USGS research geologist Patrick Barnard, far left, leads VIPs on a field trip on the cliffs above Ocean Beach, San Francisco. Standing, left to right beside Patrick and in the foreground, are San Francisco Mayor Ed Lee, Secretary of the Interior Sally Jewell, New York Times reporter Ken Chang, and Acting USGS Director Suzette Kimball. Ocean Beach's narrow stretch of coast is exposed to the brunt of the North Pacific Ocean wave climate. Photo courtesy of Tami Heilemann. [Larger version]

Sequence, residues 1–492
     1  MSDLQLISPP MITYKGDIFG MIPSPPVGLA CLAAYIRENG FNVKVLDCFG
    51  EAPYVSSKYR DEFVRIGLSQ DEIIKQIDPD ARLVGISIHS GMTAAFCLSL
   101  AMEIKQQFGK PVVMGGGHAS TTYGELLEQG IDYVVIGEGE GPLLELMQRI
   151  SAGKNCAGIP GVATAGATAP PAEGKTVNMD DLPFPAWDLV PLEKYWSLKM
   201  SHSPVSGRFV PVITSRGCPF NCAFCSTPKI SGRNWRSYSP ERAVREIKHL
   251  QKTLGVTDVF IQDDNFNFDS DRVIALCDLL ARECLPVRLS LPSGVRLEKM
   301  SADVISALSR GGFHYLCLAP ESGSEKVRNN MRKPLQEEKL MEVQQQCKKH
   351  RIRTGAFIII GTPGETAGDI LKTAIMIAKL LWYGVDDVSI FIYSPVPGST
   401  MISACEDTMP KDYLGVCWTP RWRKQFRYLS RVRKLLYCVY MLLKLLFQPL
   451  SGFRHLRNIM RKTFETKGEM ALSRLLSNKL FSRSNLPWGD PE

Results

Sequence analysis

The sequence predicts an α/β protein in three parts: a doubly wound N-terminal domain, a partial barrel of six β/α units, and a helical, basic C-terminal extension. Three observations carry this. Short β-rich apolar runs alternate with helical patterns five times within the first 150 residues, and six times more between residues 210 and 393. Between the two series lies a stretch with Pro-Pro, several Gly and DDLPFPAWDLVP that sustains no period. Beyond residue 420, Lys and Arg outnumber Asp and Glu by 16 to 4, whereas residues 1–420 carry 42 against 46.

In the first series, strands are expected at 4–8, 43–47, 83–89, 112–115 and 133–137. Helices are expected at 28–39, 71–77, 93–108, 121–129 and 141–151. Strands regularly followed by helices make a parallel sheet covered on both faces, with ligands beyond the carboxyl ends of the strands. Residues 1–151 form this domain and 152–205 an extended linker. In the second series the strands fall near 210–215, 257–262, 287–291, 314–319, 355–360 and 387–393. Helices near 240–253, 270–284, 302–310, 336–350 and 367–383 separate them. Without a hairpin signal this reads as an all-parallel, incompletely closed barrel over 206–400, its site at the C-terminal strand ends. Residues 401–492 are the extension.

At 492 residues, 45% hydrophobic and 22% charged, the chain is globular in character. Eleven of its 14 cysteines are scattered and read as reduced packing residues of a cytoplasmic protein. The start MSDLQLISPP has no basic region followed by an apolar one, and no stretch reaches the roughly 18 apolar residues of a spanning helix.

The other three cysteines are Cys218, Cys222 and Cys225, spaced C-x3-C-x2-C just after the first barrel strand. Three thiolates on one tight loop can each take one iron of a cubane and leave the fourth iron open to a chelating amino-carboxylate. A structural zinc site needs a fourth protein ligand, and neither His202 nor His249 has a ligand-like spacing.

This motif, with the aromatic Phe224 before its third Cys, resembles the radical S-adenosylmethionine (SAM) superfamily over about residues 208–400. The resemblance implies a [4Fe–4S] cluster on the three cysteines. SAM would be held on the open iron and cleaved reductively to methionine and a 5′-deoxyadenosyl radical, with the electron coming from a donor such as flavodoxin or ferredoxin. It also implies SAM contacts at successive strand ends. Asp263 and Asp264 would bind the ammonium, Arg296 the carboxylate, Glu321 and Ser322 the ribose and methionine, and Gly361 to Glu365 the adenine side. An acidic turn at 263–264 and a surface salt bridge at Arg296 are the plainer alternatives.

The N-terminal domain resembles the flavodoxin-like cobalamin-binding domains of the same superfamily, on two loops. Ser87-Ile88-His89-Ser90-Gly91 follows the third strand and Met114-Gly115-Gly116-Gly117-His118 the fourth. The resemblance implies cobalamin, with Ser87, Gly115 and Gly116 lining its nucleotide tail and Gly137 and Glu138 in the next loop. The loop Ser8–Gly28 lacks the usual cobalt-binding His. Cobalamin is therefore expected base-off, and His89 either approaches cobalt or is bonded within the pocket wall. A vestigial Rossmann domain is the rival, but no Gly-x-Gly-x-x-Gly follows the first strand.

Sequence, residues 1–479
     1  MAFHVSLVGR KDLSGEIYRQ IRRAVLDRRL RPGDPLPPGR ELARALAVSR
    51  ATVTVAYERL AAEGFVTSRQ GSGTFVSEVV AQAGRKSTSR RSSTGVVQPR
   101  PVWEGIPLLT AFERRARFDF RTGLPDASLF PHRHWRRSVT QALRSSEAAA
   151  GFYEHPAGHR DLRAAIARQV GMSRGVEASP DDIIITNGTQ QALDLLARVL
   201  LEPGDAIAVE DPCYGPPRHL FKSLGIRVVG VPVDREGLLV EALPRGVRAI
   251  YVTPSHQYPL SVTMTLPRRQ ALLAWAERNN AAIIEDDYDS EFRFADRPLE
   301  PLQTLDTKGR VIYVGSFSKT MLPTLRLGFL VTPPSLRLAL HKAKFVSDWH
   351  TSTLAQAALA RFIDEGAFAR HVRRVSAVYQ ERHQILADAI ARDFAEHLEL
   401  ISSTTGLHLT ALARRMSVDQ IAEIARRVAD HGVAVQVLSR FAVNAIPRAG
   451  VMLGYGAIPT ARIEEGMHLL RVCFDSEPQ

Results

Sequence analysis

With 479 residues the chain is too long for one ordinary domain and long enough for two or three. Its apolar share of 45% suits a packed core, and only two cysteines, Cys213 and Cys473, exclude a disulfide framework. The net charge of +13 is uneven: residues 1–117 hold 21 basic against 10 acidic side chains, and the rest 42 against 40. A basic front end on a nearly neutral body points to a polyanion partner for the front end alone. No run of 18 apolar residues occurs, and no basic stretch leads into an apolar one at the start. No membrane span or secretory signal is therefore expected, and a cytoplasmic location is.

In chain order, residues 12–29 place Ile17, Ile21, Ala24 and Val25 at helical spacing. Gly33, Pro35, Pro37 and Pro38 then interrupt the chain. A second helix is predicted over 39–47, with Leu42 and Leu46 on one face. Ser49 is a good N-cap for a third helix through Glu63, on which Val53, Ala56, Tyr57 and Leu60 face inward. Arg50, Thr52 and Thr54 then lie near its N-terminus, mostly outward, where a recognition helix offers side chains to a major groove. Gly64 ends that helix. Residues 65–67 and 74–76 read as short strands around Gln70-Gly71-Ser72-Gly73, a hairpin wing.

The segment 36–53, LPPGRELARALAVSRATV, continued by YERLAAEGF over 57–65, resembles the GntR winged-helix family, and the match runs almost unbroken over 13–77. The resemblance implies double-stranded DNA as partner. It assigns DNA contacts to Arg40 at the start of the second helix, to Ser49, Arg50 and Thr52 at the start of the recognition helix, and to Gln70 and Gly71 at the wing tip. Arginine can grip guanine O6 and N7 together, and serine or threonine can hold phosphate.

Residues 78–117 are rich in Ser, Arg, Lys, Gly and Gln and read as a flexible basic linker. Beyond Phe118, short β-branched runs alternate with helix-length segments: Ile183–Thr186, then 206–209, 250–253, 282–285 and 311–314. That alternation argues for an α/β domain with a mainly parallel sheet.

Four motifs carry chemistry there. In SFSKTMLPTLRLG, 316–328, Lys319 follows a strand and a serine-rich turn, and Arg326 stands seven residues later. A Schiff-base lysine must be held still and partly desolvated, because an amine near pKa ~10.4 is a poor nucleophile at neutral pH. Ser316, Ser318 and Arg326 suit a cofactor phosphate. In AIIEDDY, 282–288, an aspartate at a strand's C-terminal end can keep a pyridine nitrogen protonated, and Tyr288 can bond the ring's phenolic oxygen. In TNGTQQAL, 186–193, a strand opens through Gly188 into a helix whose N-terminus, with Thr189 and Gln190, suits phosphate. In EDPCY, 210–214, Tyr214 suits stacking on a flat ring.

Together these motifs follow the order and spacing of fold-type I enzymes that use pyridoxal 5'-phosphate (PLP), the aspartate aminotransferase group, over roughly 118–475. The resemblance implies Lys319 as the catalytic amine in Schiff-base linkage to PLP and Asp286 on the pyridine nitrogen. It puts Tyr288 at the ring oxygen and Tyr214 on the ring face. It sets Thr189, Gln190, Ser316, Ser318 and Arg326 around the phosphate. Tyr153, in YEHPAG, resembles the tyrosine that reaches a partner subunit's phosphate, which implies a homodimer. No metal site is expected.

Secretary of the Interior Sally Jewell, Acting USGS Director Suzette Kimball, and San Francisco Mayor Ed Lee took part in a coastal climate change field trip led by USGS research geologist Patrick Barnard on December 18, 2014. The field trip visited two beaches along the outer coast of the San Francisco Peninsula that are within the most rapidly eroding stretch of California’s coast. Erosion is currently driven primarily by human influences on sand supply, but projected climate-change impacts, including sea-level rise and extreme storms, will increase the vulnerability of this urbanized coast to beach erosion, cliff failures, and coastal flooding, posing threats to private and public infrastructure, including a state highway and a $1.2-billion wastewater-treatment plant. The USGS has been active in understanding the various coastal processes that control this important section of coastline. For more information, contact Patrick Barnard, firstname.lastname@example.org, 831-460-7556.